The PHP runtime has in fact been rewritten, but it comes with an extra effort: The PHP is translated to C++ (which is of course more efficient) which is then compiled with g++. The project is called HipHop and has been in development under great secrecy at Facebook for the past 2+ years.
With HipHop, Facebook claims to have reduced the CPU usage on average by about 50%. HipHop for PHP isn’t technically a compiler itself, rather a source code transformer. HipHop automatically transforms PHP source code into highly optimized C++ and then uses g++ to compile it.
Apart from this, They have discussed the challenges faced while scaling a PHP application. Scripting languages like PHP, perl, etc are known to be far less efficient when it comes to CPU and memory usage than interpreted, compiled languages like C++, Java. All this creates it even harder to scale an application written in PHP.
Scaling Facebook is particularly challenging because almost every page view is a logged-in user with acustomized experience. When you view your home page we need to look up all of your friends, query their most relevant updates (from a custom service we’ve built called Multifeed), filter the results based on your privacy settings, then fill out the stories with comments, photos, likes, and all the rich data that people love about Facebook. All of this in just under a second. HipHop allows us to write the logic that does the final page assembly in PHP and iterate it quickly while relying on custom back-end services in C++, Erlang, Java, or Python to service the News Feed, search, Chat, and other core parts of the site.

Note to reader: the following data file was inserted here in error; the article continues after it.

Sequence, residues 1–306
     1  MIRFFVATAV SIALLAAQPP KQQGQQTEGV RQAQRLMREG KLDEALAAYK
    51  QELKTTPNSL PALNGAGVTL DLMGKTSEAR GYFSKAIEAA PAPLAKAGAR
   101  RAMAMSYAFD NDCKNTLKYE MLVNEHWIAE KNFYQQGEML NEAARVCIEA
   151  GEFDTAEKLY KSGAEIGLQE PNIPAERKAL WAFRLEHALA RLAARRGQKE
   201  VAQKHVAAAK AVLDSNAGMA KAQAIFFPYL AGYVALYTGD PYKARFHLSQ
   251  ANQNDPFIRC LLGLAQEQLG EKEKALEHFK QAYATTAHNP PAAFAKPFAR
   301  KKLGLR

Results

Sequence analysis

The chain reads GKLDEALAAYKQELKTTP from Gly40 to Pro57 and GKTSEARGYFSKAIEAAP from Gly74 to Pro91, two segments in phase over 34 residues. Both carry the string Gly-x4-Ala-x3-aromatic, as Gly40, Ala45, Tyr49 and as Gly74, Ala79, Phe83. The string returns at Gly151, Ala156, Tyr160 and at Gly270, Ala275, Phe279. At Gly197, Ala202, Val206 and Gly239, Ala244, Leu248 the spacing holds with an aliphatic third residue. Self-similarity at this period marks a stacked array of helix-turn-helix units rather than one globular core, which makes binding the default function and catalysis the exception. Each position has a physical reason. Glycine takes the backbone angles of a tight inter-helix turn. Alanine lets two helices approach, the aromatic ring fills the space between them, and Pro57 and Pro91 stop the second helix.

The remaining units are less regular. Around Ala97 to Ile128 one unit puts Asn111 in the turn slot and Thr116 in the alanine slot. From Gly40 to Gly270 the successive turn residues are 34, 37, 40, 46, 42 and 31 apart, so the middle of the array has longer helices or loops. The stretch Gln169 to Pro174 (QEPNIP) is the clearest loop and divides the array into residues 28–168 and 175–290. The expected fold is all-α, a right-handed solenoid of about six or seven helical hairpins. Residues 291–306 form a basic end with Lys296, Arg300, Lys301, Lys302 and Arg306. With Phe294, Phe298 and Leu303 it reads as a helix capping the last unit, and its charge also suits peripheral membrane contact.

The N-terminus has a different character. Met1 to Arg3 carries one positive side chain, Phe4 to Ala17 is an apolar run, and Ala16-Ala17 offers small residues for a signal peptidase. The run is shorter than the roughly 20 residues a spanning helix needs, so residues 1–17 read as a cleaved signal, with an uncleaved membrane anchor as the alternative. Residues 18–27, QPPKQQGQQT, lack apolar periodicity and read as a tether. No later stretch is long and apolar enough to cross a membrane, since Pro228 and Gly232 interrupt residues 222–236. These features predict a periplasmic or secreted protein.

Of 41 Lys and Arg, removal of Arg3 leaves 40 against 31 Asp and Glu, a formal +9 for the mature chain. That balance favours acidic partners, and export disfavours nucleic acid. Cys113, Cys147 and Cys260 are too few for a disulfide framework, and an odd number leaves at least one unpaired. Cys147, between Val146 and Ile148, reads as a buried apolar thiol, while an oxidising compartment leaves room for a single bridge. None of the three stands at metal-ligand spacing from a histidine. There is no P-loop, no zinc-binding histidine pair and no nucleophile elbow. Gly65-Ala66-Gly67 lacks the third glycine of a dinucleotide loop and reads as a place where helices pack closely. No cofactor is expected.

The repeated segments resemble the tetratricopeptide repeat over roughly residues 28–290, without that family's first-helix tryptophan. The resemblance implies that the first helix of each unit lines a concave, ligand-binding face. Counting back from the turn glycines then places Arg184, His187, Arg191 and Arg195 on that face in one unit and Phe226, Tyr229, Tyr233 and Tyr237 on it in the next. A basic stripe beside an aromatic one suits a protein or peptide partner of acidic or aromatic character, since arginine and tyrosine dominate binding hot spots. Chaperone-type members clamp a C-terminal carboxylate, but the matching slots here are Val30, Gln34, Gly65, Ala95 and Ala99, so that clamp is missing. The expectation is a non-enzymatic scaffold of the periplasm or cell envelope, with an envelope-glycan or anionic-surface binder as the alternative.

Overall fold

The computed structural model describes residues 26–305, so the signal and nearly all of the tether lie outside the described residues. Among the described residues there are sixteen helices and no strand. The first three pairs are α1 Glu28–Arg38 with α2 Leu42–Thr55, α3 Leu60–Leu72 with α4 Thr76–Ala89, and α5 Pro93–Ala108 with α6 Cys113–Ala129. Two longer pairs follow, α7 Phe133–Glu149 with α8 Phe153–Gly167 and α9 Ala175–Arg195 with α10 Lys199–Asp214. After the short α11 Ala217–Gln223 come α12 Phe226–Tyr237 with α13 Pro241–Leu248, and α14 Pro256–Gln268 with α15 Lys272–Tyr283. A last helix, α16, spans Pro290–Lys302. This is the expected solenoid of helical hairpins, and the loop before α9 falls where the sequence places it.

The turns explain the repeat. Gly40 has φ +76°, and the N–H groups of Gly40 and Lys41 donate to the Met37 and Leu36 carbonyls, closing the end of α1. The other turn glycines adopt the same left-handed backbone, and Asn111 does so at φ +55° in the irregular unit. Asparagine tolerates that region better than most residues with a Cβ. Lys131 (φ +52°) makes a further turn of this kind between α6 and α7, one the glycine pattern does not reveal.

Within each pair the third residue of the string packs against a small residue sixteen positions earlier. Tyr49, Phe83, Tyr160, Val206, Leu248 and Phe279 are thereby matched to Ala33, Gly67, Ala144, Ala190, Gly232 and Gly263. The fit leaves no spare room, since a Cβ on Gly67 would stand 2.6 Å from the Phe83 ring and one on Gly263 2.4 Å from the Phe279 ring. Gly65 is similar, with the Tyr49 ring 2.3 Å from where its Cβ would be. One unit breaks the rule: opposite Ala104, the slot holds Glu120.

Finding new ways to improve PHP performance isn’t a new concept. At run time the Zend Engine turns your PHP source into opcodes which are then run through the Zend Virtual Machine. Open source projects such as APC and eAccelerator cache this output and are used by the majority of PHP powered websites. There’s also Zend Server, a commercial product which makes PHP faster via opcode optimization and caching. Even compiling PHP isn’t a new idea, open source projects like Roadsend and phc compile PHP to C, Quercuscompiles PHP to Java, and Phalanger compiles PHP to .Net.
There’s in-depth discussion about how it works, at the source.
PHP is currently used by popular and large, dynamic web sites such as Facebook, WordPress.com and Digg. It was viewed as one of the hottest new technologies in 2005, when venture capitalist Marc Andreessen, founder of Netscape and current Facebook board member, told the Wall Street Journal that “PHP is to 2005 what Java was to 1995.”
What is notable now is – This new effort from Facebook could mold into acceleration for the industry adoption of PHP. The biggest bottleneck is now gone for good.